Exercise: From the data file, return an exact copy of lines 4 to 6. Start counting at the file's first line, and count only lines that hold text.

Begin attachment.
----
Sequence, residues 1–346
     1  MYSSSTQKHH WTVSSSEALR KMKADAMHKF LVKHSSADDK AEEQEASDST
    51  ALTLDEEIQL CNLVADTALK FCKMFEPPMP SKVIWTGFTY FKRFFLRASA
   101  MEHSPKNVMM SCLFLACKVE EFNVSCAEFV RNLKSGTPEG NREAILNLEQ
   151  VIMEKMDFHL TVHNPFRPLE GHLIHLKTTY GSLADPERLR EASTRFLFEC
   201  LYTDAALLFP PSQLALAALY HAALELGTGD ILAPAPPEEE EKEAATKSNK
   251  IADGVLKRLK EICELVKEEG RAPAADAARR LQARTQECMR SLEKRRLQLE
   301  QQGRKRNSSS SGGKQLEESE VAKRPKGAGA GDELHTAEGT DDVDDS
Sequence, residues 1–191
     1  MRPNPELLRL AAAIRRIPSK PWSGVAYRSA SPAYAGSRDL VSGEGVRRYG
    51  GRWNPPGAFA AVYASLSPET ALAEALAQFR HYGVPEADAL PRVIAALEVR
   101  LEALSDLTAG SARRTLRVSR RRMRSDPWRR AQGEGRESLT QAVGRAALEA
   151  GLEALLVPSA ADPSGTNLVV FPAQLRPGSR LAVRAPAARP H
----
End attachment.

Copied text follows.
   101  MEHSPKNVMM SCLFLACKVE EFNVSCAEFV RNLKSGTPEG NREAILNLEQ
   151  VIMEKMDFHL TVHNPFRPLE GHLIHLKTTY GSLADPERLR EASTRFLFEC
   201  LYTDAALLFP PSQLALAALY HAALELGTGD ILAPAPPEEE EKEAATKSNK